Once the full setup of the Cadenza Bronze was complete, the sound of the Kid Thomas system was very quiet, full-bodied, rich in the midbass to lower midrange, and smooth albeit somewhat reduced in amplitude in the high frequencies. Resolution was very good on medium-to-loud music but low-level signals had a slightly opaque character. On Chris Isaak’s “Kings of the Highway” from his Heart Shaped World LP, the Kid Thomas blended his overdub vocals into a slightly diffused single entity. On the plus side, the bass (while a tad full in the power region) was big and powerful with a soft starting transient that was made up for by a larger development of the notes. Every LP played was delightfully listenable, approachable, and entertaining. The sound was how the ’table had performed at some of the U.S. audio shows—full, rich, musical, and never aggressive.
To kick things into a higher gear, the van den Hul Colibri XGP was drafted for cartridge duties. The established character of this particular cartridge is clarity, speed, low-frequency warmth, non-aggressive behavior (with careful setup), and well controlled (but generous) high frequencies. Playing “Kings of the Highway” with this cartridge tightened up the bass substantially and added more transient drive; guitars sparkled, with individual notes sounding better delineated; the soundstage became more saturated with energy; and Isaak’s overdubs were clearly discernable. Every aspect of the Colibri’s performance was on display to one degree or another.
Regardless of which cartridge was mounted on the tonearm, music never ventured into aggression, never lost drive, and never lost macro-dynamic impact. The soundstage was always wide and deep with the degree of saturation dependent of the cartridge installed at the time. The noise floor remained subjectively low—a trait not often found to this degree on sub-$10,000 ’tables. With either cartridge, it didn’t matter if the music played was jazz, classic rock, heavy metal, hip-hop, folk, blues, or classical. Whether solo piano or orchestral crescendos, the ’table performed with the same fundamental sonic character.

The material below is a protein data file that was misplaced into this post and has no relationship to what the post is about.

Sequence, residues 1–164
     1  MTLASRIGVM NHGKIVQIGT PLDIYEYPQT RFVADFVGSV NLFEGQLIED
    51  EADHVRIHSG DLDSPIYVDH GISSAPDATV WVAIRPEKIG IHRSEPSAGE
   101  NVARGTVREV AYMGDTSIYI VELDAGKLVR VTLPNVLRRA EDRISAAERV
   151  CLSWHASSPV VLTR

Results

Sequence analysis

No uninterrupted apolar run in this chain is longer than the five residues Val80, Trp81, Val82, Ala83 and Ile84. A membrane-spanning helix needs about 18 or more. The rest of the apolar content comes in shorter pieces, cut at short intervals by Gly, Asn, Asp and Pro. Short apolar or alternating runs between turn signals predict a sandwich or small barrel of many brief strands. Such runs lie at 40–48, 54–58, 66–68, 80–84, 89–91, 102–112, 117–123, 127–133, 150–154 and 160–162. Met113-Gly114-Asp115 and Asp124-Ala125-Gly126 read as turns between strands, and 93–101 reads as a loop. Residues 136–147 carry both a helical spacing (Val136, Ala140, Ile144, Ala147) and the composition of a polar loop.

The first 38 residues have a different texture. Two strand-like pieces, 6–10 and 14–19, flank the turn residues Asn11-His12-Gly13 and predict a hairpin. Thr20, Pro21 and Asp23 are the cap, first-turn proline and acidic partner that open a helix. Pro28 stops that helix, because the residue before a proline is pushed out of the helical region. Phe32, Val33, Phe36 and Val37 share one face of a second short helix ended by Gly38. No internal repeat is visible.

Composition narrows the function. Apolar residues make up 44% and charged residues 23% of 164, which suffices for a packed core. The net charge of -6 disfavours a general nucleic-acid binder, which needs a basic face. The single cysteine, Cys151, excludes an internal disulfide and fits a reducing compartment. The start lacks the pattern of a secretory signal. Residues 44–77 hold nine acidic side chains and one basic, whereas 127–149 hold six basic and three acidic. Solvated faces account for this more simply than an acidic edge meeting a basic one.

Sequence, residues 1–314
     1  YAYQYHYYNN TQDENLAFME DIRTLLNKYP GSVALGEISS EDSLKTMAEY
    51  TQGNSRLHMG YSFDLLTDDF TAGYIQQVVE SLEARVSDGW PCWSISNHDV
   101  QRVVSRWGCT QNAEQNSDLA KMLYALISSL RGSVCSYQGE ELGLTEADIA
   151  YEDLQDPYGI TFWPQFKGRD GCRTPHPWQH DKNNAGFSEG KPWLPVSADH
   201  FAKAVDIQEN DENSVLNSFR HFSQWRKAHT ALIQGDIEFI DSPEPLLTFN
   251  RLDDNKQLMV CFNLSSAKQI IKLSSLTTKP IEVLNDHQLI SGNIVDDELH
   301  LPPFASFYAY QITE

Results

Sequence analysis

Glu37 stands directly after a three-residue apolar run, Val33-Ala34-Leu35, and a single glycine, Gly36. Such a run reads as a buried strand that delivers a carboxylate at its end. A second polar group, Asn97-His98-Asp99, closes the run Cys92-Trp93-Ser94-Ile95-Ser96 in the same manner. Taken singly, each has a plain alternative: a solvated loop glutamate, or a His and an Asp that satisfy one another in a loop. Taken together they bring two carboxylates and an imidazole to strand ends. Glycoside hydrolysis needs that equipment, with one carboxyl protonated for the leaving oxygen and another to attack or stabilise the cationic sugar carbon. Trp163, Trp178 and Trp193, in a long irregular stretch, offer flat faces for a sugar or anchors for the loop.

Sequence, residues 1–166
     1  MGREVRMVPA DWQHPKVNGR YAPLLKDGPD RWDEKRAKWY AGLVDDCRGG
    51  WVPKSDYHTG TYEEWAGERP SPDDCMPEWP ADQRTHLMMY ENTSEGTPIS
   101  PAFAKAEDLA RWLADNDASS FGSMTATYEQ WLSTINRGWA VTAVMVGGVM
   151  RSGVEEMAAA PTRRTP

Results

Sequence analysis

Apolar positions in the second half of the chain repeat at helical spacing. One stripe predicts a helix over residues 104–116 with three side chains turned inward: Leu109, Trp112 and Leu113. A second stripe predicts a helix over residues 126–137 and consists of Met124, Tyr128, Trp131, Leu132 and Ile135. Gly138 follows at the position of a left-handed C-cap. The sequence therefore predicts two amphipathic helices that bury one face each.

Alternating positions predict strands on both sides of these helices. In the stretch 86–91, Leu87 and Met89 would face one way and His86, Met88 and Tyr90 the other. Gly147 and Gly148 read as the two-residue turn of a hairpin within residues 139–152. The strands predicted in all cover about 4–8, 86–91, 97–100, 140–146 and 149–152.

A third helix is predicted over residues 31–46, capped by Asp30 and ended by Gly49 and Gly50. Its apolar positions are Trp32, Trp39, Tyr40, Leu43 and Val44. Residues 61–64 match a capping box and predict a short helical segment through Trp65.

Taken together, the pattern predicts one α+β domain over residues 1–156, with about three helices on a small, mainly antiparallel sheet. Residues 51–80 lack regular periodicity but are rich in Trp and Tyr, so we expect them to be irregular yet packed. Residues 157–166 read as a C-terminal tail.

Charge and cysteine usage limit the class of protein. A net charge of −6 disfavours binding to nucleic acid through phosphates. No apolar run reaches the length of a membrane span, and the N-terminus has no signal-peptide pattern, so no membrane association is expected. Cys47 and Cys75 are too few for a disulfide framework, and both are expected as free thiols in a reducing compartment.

Having been able to contrast the Kid Thomas/Cornet 2/external power supply with different cartridge types, it is safe to say this analog combination serves as an excellent platform to play music and host your cartridge of choice (within reason and compatibility). Given the admirably low noise of the Kid Thomas, the materials-management approach to the design of this $5995 turntable appears to have been a success. The entire package offers subjectively quiet playback and reproduces music in a way similar to more expensive turntable systems. This system’s smooth playback, coupled with the level of silence displayed, earns a recommendation for an audition. Just be sure to choose the phono cartridge that fits your listening tastes—the reward is waiting.
SPECS & PRICING
Kid Thomas turntable
Type: Belt-driven turntable
Motor: AC synchronous
Dimensions: 19.6" x 14"
Weight: 70 lbs.
Cornet 2 tonearm
Type: Unipivot tonearm
Distance from tone-arm center to spindle: 222mm
Effective mass: 12.50 grams
Arm length: 295mm
Tone-arm effective length: 239mm
External power supply
Dimensions: 4.13cm x 2.55cm x 11.22cm
Weight: 5.7 lbs. (w/packing)
Price: $1995 Kid Thomas/Cornet 2/External Power Supply
Package Price: $9995